My love for pasta knows no bounds. I even have a shirt that says "Pasta Power" on it and I wore it for years, then framed it so I could still enjoy it. When I came across this adorable ceramic pasta storage container from Black + Blum at the gift show, I knew I had to share it with you.
Aside from being a slim and handy way to store spaghetti, it has both a sense of humor in its design and practicality: the underside of the cork lid has a one-, two, and three-serving portion measurement guide so you can ensure you're making the right amount for the number you're serving.
images via black + blum
As I spend time looking at local neighborhoods and perusing online real estate listings, I'm thinking a lot about exterior paint color combinations. In the majority of neighborhoods in the US (at least all the ones I've ever been in), houses are generally painted in variations of brown, gray, white, green, yellow, blue, and red. But the colors are always pretty muted: the reds are more brick reds, the yellows like butter, and the greens olive or forest. (But it seems like there's always one blue house that is a weirdly electric color and stands out like a sore thumb.)
Wouldn't it be amazing if our neighborhoods were as vibrant as these blocks in Cape Town, as photographed by Gray Malin? Those blue houses would be right at home among the lavenders and oranges and limes and other saturated colors.
I can't imagine how fun it would be to live in a technicolor neighborhood and see where everyone took their house color-wise. I think I would be insanely happy every time I walked on my street.
Of the standard colors, I've always gravitated toward gray houses, and my last house was light gray, but lately I've seen a few houses around town that are purple. Subtle though—the purples have gray or brown undertones and they look really nice. Something like this color, left (Cabernet, 2116-30 Benjamin Moore). So maybe I should go in that direction for something a little less typical?
If you could paint your house any color--neighborhood associations and judgmental neighbors be damned--what color would you choose? Or for more inspiration, check out my exteriors board.
This week is Tabletop market in NY and I can't wait to see images of the new introductions. Tabletop market is one of my favorite market events (actually, I love them all), even though I don't get to work on tabletop stories very often. New place settings, serving pieces, glassware, and some giftware are on display both to the press and to retailers who decide what to buy for the upcoming season. Most, but not all, of what you see at Tabletop is high-end so it's fun to create tablescapes using these beautiful pieces.
In honor of Tabletop week, I decided to share some of my favorite tabletop pieces from past years at market (see the slideshow above) and these are still available for purchase.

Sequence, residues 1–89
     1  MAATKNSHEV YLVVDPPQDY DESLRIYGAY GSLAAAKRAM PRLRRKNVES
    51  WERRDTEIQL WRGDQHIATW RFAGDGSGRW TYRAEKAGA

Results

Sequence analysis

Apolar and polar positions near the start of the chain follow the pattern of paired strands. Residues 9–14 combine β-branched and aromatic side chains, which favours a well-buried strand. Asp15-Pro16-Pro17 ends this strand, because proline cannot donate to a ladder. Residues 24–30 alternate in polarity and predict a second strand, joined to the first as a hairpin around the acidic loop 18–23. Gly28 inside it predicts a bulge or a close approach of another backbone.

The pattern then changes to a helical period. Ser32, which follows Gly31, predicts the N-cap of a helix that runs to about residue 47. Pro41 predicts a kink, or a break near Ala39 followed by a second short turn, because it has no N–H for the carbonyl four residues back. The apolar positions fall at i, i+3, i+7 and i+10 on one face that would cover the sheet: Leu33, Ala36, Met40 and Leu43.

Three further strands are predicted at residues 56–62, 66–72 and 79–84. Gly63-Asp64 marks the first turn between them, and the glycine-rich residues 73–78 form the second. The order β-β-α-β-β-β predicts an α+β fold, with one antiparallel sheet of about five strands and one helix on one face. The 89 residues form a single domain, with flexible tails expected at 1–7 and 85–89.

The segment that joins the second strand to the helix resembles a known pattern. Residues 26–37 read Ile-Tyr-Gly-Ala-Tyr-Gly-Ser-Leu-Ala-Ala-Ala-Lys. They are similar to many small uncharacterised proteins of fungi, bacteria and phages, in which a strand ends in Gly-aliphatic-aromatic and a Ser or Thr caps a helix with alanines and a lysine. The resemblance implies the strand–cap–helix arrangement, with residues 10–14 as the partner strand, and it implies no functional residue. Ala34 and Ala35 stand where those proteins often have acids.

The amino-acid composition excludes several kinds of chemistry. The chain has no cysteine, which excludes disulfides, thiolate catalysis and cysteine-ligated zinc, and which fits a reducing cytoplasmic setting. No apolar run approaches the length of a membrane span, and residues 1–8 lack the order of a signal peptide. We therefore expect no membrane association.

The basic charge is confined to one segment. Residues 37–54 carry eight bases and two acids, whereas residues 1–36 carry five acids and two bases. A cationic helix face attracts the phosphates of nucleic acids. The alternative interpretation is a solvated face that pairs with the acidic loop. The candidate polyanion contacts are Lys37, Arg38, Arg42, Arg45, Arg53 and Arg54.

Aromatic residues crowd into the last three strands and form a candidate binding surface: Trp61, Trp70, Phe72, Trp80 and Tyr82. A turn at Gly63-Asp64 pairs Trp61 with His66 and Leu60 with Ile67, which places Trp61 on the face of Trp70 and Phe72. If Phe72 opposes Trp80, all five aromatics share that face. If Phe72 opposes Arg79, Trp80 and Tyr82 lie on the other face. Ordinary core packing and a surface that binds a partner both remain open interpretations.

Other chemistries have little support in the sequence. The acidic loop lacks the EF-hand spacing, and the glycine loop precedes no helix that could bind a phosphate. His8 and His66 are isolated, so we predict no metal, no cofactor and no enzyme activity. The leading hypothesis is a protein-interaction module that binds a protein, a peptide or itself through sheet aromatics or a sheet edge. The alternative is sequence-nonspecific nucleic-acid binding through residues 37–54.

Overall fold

Ruche by British bridal designer Bruce Oldfield for Royal Crown Derby is a pattern I fell for right away. The pattern is inspired in part by the way the silks Oldfield works with move and the ruching technique. The yellow accent plate is actually a little more chartreuse in person, and the gold bands on all the pieces are textured.
Haviland's Laque de Chine chargers are classic and come in wonderful colors, so they mix with nearly anything.
I'm not usually into the sea creature-theme, but I do love these textured plates by Richard Ginori with creatures in relief.
Kosta Boda's glass Mine collection is swirly and smoky and fabulous.
I adored Juliska's Country Estate collection from the minute I saw it because it has all these wonderful details like little hot air balloons in the scenery.
I am pretty much a fan of everything Kelly Wearstler does, including this tabletop she designed for Pickard.
I absolutely love John Rocha's Black Cut collection for Waterford. The black crystal with the cut clear crystal is so gorgeous and feels a little mysterious.
Nason Moretti's Cliff glasses are another product I was constantly drawn to.
The Harcourt glasses are the oldest collection in Baccarat's archive. I love weighty stemware and the hexagonal foot.
Saint-Louis' Les Endiablés collection is a major favorite. It's so high end, but I love the colors and the fact that they're both objet and functional glass, and can be used upside down or right side up.
The incredibly talented (and lovely) Marcel Wanders designed a line of flatware for Christofle, and the engravings are gorgeous.
Lladro is really more of a collector's brand, but the craftsmanship of the pieces is incredible and I love the creativity and whimsy of them. This Clown Lamp is by designer Jaime Hayon.
Rosenthal's Studio Line has a bunch of wonderful vases and this is just one of them. If I remember correctly, it was designed by a student.
Full admission, the Oberon pattern from Wedgwood is not one I saw at Tabletop initially, though I did see it there once I started attending market. Oberon is actually my own wedding china pattern, but I still love it, so I thought I'd share it.
images via royal crown derby, bloomingdales, richard ginori 1735, kosta boda, juliska, pickard, waterford, nason moretti, baccarat, saint-louis, christofle, lladro, rosenthal, wedgwood